It’s not that competition didn’t give me a lot of that – I don’t regret one registration fee or sufferfest explored, but I now want different things. I now want to be with people, not constantly running away from them. I now want to spend time with people, not hoping one day they’ll jump on my bandwagon that is slaying 40 miles at a time. I now want to invest in my future: my money, my relationships, my heart. I no longer want to be away doing something, chasing a goal. I want to be here, where I am, right now.
I still have goals, huge goals. 2020 has proven that it’s good to have those and to pursue them fully: I published my story, I’ve set out to expand my social platform and “brand” and get onto podcasts, I’m a ¼ deal away from earning our annual sales trip again, Mike and I are cruising forward, both still fully intact and reasonably happy every day, and I see my family more than in years prior, even with COVID. I have amazing friends, supportive role models, and a tight community that speaks my language in every dialect that I use. I have learned how to sit stiller, wait longer, and be. I have learned that my sense of urgency is quite nerve wracking on the receiving end, and that I don’t want to be like that anymore. I have learned that my stories aren’t true, and that I can make new ones at any time. I’ve learned that I really can trust the process, the entire process, and it will work out for my betterment.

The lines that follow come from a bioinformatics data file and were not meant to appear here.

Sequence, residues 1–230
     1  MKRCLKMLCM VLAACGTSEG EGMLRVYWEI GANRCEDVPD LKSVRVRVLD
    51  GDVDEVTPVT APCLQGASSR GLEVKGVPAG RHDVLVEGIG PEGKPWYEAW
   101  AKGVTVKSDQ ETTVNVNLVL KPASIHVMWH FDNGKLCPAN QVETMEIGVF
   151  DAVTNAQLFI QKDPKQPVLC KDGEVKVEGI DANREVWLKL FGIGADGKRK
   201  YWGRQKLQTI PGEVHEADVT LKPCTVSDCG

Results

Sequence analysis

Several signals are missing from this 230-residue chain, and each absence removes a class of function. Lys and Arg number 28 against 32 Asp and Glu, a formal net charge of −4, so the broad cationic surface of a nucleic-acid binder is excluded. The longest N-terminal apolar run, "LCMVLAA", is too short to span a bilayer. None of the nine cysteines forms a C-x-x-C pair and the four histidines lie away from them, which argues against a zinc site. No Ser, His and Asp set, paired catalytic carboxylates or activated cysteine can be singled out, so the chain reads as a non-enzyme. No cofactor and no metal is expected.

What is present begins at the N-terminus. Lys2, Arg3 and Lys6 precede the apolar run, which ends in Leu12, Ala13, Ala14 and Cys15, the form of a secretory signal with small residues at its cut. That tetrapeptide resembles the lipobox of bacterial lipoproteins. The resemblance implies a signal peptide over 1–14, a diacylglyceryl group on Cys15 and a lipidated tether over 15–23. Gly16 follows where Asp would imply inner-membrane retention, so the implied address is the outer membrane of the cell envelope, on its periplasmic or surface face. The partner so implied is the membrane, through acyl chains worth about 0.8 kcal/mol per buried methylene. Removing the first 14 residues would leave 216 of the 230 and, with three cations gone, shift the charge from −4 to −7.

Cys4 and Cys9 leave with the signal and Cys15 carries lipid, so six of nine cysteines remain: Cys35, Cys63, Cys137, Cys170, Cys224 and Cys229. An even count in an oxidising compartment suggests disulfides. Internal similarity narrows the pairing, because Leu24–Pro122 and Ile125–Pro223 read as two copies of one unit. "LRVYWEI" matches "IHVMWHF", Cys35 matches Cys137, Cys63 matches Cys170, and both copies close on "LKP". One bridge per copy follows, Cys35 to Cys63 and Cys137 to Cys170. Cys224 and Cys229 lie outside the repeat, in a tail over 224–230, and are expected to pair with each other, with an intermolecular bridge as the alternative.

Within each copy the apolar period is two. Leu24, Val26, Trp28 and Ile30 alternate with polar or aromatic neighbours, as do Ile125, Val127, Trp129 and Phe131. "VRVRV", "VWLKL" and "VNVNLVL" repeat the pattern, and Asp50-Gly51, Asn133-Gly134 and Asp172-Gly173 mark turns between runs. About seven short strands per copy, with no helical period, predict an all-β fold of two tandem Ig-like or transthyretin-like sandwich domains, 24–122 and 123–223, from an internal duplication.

I guess that’s the underlying theme heading into a time when most people make new resolves to “be better”, “be greater”, “smash goals”, “change everything”. I don’t believe in that anymore. I do believe in settings your sights higher, in writing out business plans and making vision boards and improving yourself every day, but I don’t believe in starting something on a specific day to make yourself all or nothing, better or best. I believe in continuing, if it’s working for you. I believe in incremental, daily moments of grace and willingness if it’s not. I believe in daily opportunities to try again. I believe in adjusting just enough so that it’s sustainable.